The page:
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Can a single number sum up your food?

International Food Information Council – October 27, 2014

Making food information accessible, clear, and easy to understand is a great goal that many of us in the nutrition and food safety communities share. However, accomplishing this goal comes long before the information actually reaches consumers- it’s critical that the information itself is evidence-based and broadly accepted by scientific experts. Most Americans (52 percent) think that figuring out their income taxes is easier than knowing what they should and shouldn’t eat to be healthier, according to the International Food Information Council (IFIC)

Foundation’s 2012 Food & Health Survey. The Survey found that people think a great deal about the healthfulness of their diets and want to make improvements. Yet, 76 percent agree that ever-changing nutritional guidance makes it hard to know what to believe.

Foundation’s 2012 Food & Health Survey. The Survey found that people think a great deal about the healthfulness of their diets and want to make improvements. Yet, 76 percent agree that ever-changing nutritional guidance makes it hard to know what to believe.

Applying ratings to individual foods, without the context of a whole diet and long term, individual health outcomes, can mislead consumers into believing that a single recommended food makes them healthy, which isn’t the case. Will this database really help consumers reach their health goals, or will it add more confusion? Our labeling research indicates that when consumers see one-off guidance, like a label or grade, without nutritional context, confusion about how to balance their diet actually increases. There is an especially high risk of confusion when that number is meant to incorporate nutritional advice, ingredient safety information with varying accuracy, and environmental sustainability factors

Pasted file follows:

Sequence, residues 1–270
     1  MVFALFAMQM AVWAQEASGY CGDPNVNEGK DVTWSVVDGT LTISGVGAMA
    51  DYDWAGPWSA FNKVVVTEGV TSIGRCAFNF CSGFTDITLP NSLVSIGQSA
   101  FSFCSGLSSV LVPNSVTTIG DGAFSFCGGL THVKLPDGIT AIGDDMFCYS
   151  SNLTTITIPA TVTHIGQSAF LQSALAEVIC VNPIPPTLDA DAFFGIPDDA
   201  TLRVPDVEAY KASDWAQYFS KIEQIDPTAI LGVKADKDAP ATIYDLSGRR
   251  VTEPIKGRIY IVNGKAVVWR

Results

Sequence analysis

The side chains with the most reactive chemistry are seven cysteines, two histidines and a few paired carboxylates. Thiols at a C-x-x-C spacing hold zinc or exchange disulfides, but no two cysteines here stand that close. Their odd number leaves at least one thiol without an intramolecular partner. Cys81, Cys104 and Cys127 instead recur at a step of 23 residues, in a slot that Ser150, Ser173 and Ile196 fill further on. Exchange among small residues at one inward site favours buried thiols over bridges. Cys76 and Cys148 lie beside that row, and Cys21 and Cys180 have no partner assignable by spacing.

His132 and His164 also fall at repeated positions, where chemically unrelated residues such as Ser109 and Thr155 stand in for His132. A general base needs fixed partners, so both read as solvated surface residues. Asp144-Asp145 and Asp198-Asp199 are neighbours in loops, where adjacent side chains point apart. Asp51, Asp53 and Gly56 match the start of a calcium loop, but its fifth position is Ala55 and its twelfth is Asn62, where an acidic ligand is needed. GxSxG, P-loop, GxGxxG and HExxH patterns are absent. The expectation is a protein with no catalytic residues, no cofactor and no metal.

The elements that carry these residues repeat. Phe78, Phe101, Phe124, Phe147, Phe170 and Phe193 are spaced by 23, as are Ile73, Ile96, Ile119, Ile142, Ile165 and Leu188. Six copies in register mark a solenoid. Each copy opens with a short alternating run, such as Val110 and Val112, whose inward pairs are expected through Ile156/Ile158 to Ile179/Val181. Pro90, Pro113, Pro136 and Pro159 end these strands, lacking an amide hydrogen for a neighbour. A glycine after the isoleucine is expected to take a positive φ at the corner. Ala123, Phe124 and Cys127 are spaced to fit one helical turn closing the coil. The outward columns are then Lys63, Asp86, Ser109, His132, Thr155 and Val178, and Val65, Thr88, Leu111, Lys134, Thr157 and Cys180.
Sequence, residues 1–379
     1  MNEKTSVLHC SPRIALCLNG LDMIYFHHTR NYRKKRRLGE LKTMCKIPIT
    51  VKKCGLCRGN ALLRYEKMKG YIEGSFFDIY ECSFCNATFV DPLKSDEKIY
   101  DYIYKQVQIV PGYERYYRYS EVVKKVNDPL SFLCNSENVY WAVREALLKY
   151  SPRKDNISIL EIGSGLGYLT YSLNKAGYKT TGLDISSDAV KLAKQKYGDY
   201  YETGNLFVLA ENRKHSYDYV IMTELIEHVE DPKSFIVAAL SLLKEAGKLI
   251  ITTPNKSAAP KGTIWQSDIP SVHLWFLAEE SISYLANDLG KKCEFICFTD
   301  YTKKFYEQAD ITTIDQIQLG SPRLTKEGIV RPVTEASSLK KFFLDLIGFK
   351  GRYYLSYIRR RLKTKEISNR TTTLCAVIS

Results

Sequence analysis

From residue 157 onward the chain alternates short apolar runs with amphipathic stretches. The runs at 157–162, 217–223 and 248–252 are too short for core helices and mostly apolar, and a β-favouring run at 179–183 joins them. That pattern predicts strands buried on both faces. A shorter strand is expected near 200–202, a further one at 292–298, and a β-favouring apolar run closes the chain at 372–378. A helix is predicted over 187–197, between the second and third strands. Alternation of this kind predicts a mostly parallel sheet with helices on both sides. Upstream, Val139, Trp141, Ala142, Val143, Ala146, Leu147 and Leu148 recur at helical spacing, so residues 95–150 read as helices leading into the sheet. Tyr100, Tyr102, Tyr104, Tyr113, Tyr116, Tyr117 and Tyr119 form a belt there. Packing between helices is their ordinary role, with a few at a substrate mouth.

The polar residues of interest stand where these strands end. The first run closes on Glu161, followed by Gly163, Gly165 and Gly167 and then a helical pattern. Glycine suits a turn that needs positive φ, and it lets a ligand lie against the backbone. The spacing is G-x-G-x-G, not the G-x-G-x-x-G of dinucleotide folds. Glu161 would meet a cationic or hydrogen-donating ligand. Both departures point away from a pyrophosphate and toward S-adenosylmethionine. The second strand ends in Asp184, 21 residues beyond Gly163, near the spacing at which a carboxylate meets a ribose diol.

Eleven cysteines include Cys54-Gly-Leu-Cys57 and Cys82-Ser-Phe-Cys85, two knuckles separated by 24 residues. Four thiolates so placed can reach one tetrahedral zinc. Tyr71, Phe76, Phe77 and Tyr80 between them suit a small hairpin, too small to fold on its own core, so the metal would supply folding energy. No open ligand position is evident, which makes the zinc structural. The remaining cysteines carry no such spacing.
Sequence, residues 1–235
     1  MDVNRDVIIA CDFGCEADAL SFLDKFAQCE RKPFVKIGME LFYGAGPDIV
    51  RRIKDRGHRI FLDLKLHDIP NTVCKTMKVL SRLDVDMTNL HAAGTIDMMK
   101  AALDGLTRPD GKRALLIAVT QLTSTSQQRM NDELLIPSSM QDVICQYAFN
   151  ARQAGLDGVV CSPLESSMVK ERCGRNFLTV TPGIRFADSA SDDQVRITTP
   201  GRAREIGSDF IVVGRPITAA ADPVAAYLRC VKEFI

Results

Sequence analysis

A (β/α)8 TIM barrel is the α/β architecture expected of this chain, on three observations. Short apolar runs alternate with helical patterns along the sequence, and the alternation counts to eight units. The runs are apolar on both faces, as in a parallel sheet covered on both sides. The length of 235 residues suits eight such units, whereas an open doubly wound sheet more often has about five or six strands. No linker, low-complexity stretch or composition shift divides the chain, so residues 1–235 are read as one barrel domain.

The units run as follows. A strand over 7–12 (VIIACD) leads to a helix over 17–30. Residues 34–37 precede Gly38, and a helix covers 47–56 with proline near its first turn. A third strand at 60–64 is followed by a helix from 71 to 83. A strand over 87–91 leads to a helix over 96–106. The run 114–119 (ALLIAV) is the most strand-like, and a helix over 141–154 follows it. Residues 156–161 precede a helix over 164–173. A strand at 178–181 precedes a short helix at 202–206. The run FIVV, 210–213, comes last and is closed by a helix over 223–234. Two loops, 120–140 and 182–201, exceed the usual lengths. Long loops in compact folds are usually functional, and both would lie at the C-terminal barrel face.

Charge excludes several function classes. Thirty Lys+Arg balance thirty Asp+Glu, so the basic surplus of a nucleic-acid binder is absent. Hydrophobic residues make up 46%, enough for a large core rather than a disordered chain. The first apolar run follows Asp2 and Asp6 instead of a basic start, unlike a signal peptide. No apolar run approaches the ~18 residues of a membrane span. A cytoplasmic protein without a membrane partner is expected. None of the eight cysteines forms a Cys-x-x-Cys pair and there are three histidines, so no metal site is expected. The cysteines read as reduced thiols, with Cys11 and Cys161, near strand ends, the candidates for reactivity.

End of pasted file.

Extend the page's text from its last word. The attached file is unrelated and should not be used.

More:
“EWG uses an arbitrary approach to weigh specific factors such as nutrition, chemical contamination, and degree of processing as well as arbitrary approaches within each of these factors,” says Dr. Carl Winter, Director, FoodSafe Program and Extension Food Toxicologist at the University of California, “Furthermore, this approach ignores critical scientific criteria such as the toxicity and degree of exposure to chemicals in foods.” Read more about the weighted algorithm considerations in the latest FACTS blog.

In an environment where foods serve different purposes from a nutrient, caloric, and even enjoyment perspective, we fear a single number score could work against consumers’ ability to make informed decisions about their food and health.

Read more from the source:foodinsight.org